The Holocaust film can be like television: when it’s good, there’s nothing better; when it’s bad, there’s nothing worse.
There is Liliana Cavani’s erotic psychological drama, Il portiere di note (1974), the love story between a concentration camp survivor and her guard (yes, you read that correctly), which exploits the Shoah the most offensively this critic has ever seen.
Then, there is Agnieszka Holland’s Europa Europa (1990), a subtle, sometimes satirical study of racial politics in Nazi Germany.
As for Stephen Spielberg’s Schindler’s List (1993), it may be the most well-known of its ilk, but is it one of the greatest?
If you don’t know what to watch next, Schindler’s List is available to stream on Netflix. The historical period drama won seven Academy Awards, including Best Picture as well as Best Director, out of twelve nominations.
Steven Zaillian’s Best Adapted Screenplay is based upon the 1982 novel, Schindler’s Ark, by John Keneally.
It is World War II Poland, and Oskar Schindler (Best Actor nominee Liam Neeson), an ethnic German from Czechoslovakia, opens an enamelware factory in the Kraków Ghetto.
Together with black marketeer Itzhak Stern (Sir Ben Kingsley), the businessman bribes local Nazi insiders and and hires Jews because he can pay them less, effectively saving them from the death camps.
Meanwhile, SS-Untersturmführer Amon Göth (Best Supporting Actor nominee Ralph Fiennes) supervises the construction of the Plaszów concentration camp, terrorizing Kraków.
John Williams’s original score, Michael Kahn’s editing, Janusz Kamiński’s cinematography, and Ewa Braun and Allan Starski’s art direction are the rest of the Oscars the movie took home, in addition to its sound, makeup, and costume design nods.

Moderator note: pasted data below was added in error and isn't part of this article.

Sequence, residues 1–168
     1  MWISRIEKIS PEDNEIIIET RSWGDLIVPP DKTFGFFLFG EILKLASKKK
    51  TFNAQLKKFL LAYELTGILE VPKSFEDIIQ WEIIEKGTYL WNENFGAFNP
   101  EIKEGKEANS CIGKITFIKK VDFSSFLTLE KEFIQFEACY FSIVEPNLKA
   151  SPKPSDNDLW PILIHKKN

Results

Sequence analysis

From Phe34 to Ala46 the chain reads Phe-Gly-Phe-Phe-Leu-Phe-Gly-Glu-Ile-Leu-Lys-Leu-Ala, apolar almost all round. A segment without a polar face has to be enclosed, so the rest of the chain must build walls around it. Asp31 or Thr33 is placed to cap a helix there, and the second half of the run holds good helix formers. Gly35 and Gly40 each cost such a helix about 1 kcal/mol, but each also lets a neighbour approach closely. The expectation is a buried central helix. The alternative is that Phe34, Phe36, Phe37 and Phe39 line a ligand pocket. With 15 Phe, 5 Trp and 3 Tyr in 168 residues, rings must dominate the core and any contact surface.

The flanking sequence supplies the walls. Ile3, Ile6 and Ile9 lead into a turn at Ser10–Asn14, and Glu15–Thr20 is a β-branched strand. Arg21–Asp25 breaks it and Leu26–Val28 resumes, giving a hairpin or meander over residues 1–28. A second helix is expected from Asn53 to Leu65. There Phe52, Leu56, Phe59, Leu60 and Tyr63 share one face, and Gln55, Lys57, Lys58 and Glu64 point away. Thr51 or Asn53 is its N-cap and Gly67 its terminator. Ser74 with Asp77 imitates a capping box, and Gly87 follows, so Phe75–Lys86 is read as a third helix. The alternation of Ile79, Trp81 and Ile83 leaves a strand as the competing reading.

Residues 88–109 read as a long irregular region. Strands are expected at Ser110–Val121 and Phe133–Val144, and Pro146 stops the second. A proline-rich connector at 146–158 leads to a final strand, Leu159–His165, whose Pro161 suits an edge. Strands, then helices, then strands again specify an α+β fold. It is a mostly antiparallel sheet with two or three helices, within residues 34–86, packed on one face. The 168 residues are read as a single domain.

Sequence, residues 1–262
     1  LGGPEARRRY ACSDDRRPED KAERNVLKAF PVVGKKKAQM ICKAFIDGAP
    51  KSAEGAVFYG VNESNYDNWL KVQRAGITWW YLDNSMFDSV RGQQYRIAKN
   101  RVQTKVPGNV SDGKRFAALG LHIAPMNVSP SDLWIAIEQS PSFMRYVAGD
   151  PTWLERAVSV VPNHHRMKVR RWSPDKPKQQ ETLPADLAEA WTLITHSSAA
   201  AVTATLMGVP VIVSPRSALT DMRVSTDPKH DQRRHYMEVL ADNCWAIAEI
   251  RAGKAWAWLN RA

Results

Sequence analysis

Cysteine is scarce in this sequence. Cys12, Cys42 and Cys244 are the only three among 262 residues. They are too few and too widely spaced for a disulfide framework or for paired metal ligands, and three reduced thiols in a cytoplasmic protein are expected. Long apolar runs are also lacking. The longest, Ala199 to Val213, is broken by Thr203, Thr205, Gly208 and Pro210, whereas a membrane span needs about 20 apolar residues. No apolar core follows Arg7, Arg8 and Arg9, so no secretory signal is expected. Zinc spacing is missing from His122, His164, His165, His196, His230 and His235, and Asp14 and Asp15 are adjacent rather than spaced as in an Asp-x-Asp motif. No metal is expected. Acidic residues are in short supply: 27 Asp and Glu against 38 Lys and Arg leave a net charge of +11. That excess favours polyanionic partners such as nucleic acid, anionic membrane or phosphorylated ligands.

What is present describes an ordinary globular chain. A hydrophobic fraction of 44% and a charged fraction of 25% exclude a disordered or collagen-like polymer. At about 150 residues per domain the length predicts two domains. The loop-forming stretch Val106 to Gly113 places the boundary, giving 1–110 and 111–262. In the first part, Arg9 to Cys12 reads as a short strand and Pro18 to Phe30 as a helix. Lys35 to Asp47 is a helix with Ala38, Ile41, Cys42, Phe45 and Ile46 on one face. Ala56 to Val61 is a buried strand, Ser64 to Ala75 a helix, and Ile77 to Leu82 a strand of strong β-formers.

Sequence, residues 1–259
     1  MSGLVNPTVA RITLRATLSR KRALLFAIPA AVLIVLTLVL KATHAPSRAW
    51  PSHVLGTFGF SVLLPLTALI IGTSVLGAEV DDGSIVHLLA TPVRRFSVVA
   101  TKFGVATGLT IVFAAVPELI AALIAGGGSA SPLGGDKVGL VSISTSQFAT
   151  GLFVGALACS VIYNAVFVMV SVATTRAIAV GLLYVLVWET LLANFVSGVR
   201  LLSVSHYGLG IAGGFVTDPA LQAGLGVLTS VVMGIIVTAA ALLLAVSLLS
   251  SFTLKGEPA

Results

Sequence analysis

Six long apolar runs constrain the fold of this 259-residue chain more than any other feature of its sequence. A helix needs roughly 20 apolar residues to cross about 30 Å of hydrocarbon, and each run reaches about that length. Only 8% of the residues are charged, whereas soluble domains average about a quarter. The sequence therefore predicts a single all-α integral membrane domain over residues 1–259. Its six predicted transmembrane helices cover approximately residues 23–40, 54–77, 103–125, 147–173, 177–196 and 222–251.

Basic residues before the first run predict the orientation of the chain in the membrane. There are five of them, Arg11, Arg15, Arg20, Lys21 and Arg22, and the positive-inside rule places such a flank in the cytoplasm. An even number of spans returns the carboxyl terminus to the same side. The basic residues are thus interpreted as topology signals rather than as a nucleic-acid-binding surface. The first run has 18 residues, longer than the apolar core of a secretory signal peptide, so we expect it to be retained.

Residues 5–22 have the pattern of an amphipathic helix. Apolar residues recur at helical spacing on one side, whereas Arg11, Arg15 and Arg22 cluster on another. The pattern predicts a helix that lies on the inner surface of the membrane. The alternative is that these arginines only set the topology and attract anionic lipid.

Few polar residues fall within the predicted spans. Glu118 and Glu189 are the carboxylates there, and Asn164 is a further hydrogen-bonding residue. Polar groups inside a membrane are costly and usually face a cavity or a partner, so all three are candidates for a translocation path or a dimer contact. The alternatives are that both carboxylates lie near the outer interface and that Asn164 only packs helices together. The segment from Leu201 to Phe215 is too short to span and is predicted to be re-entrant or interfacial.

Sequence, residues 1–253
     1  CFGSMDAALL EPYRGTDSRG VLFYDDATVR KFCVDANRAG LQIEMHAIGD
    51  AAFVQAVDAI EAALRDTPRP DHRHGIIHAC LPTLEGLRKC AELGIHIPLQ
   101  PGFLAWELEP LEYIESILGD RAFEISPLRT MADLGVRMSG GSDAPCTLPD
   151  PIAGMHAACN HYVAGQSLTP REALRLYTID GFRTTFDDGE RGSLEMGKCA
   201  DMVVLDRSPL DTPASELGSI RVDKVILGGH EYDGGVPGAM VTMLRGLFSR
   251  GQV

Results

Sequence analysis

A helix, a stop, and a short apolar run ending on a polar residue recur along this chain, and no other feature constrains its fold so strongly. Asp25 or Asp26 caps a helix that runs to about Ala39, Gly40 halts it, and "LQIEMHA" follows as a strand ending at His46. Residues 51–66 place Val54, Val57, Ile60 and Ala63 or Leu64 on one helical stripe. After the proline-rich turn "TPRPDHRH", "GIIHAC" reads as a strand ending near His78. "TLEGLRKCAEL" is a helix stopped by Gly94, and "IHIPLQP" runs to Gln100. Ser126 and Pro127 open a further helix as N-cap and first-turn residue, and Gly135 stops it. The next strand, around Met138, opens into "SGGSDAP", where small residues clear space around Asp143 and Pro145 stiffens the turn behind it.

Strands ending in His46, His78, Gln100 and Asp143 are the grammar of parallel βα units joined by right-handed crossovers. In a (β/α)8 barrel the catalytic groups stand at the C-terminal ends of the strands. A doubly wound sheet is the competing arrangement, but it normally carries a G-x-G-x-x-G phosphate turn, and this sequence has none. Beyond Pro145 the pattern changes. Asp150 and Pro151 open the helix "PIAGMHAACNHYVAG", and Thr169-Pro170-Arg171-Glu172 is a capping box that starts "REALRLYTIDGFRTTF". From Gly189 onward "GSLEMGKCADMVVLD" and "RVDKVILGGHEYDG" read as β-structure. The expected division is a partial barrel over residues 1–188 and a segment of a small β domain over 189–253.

As with any Spielberg vehicle, it is a technical revelation. Its black and white photography contributes to the documentarylike, newsreel realism of its setting, inviting audiences into the Final Solution like few mainstream releases have before or since.
For all its feats of filmmaking, this Spielbergian epic is minimalistic by the director’s standards, which plays to the picture’s strengths.
As a member of the film school generation, his feature-length debut, Duel (1971), is his New Hollywood masterpiece, over Jaws (1975), which would be, if not for the corporatization of filmmaking its groundbreaking “summer blockbuster” status is responsible for.
But these two works force Spielberg to do more with less, keeping him from crossing the line from “crowd-pleasing” to “sentimental” and “saccharine” like he’s known to do, and this sugarcoating would have crippled Schindler’s List.
Still, it has been criticized for peripherizing Holocaust victims in favor of mythologizing a German capitalist. While Schindler’s heroism is indisputable, and came at the price of his safety, he was still an opportunist first, almost more of a sympathetic antihero.
The cast of Jewish characters are dehumanized into an unindividualized horde of props for his redemption arc – one of them would have made for a more sensitive protagonist, such as Stern.
But Spielberg is shrewdly commercial above all else, and Schindler’s List is much too important a moment in cinematic history to fade into obscurity because of a Semitic leading man; as wrong as it is, how many readers out there can say they’ve even heard of Europa Europa?
This is a story the masses need to hear, and it is a story that needs to be celebrated. With far-right ideologues rising to power globally as the memory of fascism dies off with the generation that lived it, streamers would do well to rediscover Schindler’s List.